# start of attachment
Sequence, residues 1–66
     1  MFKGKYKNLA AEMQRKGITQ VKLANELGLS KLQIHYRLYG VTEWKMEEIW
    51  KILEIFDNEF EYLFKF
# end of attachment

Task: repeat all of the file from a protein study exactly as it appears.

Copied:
Sequence, residues 1–66
     1  MFKGKYKNLA AEMQRKGITQ VKLANELGLS KLQIHYRLYG VTEWKMEEIW
    51  KILEIFDNEF EYLFKF